Addressing an Employment Gap on Your Resume

Company representatives reading applicant resume at hiring

Searching for a new job can be challenging. Filling out applications, submitting resumes and attending interviews can be a job in itself. Having gaps in your resume may make this process more difficult. Knowing how to address an employment gap on your resume will assist you in finding the job you want.

 

People take time off work for many reasons, including caring for children, business shutdowns or leaving a toxic work environment. Employment gaps can reflect poorly on the applicant if not explained well. No matter the reason for your break in employment, it is important that you be prepared to address it and put your potential employer at ease.

 

These eight tips can assist you in minimizing the effect of gaps on your resume:

 

Make Good Use of Your Time Away Make the most of your time by getting certifications, performing volunteer work related to your field or participating in courses and programs. Attending webinars and job-related conferences can be noted on your resume.

It shows how you used your time away for career or personal development.

 

  1. Omit the Gap

If you were employed for a few years in your last position and the gap was before that, consider omitting jobs from before that time from your resume altogether. If the gap was five years ago, only list the positions within the last five years. Potential employers don’t expect you to include every single job you have ever worked, especially if you have been a professional in the field for many years.

 

If you have small gaps in your resume or periods in which you were out of work for a few months within a single calendar year, you can only omit the dates and include the year. If you were unemployed for six months in 2019, for example, list your dates of employment like this:

ACME Widget Company, 2015-2019

Sam’s Glue Factory, 2019-present

Using this format doesn’t show that you were out of work between March 2019 and September 2019.

 

  1. Use a Different Resume Layout

Many resumes are structured chronologically, creating issues if you have gaps in your employment. Choose a resume template that focuses on your skills and accomplishments instead of your actual dates of work. Other resume formats allow you to list your educational achievements first, saving your work history for last. Focus on your accomplishments at your previous job, your certifications and everything else that makes you stand out as a candidate.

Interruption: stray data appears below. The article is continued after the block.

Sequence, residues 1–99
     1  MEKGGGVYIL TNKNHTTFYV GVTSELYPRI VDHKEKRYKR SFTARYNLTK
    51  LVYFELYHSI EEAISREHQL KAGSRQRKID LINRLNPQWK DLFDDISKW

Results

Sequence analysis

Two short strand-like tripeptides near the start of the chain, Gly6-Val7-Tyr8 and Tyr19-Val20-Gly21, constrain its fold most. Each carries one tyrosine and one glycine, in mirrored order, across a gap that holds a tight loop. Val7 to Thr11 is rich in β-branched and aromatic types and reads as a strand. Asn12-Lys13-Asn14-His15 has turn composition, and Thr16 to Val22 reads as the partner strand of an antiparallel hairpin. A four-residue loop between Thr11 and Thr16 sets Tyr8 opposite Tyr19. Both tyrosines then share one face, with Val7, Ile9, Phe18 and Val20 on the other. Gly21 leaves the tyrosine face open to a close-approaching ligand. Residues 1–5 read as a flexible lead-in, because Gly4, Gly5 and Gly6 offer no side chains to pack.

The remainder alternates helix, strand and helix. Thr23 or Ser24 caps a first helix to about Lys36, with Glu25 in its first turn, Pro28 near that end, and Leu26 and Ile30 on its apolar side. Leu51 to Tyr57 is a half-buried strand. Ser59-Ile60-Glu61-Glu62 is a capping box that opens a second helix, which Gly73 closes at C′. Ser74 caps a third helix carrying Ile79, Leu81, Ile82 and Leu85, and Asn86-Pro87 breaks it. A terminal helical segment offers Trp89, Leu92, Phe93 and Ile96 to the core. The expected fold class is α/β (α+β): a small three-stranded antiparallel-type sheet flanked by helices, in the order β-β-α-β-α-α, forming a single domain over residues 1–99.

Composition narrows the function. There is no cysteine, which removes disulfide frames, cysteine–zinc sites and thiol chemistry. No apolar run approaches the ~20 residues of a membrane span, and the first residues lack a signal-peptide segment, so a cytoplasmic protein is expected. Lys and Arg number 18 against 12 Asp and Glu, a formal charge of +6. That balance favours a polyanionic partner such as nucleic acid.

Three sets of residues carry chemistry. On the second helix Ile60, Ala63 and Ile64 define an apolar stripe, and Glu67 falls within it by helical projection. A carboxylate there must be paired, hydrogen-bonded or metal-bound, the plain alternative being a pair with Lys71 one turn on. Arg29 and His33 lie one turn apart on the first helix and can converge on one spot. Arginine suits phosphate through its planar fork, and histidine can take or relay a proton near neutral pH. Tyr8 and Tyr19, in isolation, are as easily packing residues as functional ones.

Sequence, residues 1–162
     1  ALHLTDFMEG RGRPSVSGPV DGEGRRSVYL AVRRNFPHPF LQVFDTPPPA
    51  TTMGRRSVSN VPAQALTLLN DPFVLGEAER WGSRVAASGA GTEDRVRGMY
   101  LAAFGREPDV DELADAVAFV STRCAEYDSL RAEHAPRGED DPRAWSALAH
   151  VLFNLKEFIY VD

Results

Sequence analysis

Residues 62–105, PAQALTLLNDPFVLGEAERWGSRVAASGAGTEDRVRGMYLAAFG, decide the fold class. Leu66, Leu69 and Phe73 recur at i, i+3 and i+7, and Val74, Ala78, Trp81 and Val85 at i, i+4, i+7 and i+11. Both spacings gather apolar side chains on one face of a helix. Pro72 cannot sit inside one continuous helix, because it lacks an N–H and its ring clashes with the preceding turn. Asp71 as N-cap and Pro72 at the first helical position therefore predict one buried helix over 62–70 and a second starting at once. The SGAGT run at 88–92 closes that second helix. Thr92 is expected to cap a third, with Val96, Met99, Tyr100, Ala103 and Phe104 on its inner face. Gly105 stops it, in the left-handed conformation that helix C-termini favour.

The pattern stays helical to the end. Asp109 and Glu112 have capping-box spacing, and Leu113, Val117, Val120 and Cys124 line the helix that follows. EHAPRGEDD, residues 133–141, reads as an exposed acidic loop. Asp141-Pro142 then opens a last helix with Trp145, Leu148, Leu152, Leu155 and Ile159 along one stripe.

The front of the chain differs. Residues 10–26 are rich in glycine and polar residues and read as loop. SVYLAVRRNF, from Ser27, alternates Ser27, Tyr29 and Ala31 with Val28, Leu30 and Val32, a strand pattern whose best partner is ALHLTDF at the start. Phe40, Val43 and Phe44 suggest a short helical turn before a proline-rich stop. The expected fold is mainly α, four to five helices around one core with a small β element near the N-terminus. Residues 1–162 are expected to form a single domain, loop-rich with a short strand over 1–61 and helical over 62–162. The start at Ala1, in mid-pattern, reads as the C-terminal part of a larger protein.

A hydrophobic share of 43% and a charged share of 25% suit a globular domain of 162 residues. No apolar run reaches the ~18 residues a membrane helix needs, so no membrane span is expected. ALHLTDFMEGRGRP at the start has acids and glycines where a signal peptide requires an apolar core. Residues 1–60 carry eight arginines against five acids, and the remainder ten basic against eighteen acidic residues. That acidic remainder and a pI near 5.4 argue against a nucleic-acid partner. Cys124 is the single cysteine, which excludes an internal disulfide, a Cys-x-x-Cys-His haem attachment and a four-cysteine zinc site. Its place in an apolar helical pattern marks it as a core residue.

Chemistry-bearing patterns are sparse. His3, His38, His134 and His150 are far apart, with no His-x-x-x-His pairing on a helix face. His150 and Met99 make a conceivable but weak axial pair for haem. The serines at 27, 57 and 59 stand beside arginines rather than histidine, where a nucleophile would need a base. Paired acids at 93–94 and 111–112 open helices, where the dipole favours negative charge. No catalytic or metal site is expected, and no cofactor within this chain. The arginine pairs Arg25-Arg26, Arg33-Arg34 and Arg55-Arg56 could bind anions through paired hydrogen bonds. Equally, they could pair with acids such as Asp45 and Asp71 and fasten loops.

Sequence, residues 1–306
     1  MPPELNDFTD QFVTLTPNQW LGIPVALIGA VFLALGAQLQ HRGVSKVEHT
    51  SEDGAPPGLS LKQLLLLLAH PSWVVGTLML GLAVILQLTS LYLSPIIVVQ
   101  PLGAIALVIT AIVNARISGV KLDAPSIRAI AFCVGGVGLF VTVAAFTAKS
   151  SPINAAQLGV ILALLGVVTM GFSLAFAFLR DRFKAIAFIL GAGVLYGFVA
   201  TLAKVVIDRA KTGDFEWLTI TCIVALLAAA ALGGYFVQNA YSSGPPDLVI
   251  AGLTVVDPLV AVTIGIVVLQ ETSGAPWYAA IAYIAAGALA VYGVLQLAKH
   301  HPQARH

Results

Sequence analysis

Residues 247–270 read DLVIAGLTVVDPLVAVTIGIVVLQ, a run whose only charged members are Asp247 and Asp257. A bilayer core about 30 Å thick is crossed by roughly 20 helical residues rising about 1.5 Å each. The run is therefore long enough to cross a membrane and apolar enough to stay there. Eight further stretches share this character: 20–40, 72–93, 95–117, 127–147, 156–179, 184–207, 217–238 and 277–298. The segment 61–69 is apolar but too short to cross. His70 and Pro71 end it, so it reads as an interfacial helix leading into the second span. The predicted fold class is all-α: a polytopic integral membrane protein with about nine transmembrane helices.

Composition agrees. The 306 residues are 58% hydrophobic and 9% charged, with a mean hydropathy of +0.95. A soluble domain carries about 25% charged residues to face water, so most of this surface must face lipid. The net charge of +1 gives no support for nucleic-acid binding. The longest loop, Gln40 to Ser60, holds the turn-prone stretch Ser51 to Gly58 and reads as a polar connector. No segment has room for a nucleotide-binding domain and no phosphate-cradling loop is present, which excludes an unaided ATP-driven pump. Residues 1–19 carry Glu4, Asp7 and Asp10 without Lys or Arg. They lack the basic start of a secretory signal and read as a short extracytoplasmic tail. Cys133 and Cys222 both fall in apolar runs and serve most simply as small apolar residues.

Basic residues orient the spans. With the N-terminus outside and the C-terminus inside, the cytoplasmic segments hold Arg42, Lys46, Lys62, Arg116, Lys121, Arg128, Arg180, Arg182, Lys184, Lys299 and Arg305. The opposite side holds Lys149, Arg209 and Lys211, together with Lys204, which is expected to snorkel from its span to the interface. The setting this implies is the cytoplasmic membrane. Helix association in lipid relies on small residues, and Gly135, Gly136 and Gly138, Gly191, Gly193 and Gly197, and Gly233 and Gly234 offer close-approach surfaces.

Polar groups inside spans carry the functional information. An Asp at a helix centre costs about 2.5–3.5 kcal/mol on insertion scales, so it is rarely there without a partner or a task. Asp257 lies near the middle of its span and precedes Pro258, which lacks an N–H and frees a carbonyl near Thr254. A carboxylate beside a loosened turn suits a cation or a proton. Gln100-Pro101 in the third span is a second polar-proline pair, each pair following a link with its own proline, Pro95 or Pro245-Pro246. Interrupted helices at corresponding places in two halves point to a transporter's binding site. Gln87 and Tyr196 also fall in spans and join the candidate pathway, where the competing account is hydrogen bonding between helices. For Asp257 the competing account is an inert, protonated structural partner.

1. Explain the Gap

Explaining the gap is effective, and hiring managers understand that life happens, and career-changing is normal. There might not always be another job lined up, and there is a gap when this happens. There are several ways you can explain a gap:

– Contract position: this lets the interviewer know that the position was temporary, and this will easily explain a gap between assignments

– Professional development: add in your professional development activities where you would typically add in your position information. Not only does this explain your gap, but it also makes your resume appear more substantial and highlights your professional skills.

  1. Strengthen Your Resume and Cover Letters Using Addendums

Include other forms of evidence that demonstrate your skills if you have gaps on your resume, including a portfolio of your work, writing samples, reference letters or certificates from completed certifications.

A well-put-together resume and portfolio, along with positive references from previous employers and colleagues, will go a long way in helping the interviewer forget any doubts about your employment gap.

 

  1. Explain Your Employment Gap in Your Cover Letter

Address the issue of an employment gap in the cover letter so that the hiring manager is aware of it before the interview. Give a quick explanation of your gap, but don’t dwell on it. Mention it, move on and get back to talking about your achievements.

 

  1. Explain the Gap During Your Interview

You may be asked to discuss the gap again during the interview. Determine what you will say beforehand – omit any negative thoughts about the gap, and don’t comment negatively on your former employer.

If you became unemployed due to COVID, focus heavily on your strong performance before the job loss. Most employers will be sensitive to this and often forgive the gap due to a Covid-19 job loss. Be sure to explain this to your potential employer. If you were required to take time off to care for children or an elderly relative, make it clear that you are ready and eager to return to work.

 

  1. Be the Ideal Candidate

The key to achieving this is to apply for positions you are a perfect fit for. If you have extensive experience in your field, certifications, references and are a good fit for the company’s culture, your potential employer may not even care about your gap. They will likely be so excited to hire you that they will overlook the period that you were unemployed.

 

If you haven’t connected with an Employment Consultant at Job Skills, NOW is the time to get that one-on-one support you can use as you move through the new way of working. Call Job Skills toll-free at 1-866-592-6278 to connect to one of JS’s experts.

 

Job Skills has more than 40 online workshops to assist you in your career exploration and job search situation. Register to participate in the online ‘LinkedIn for Job Searching’ workshop on March 9, 10:00 am – 11:00 am. Watch for the other dates and times to register for any of our online workshops, as well as lots of great links and resources to assist you!

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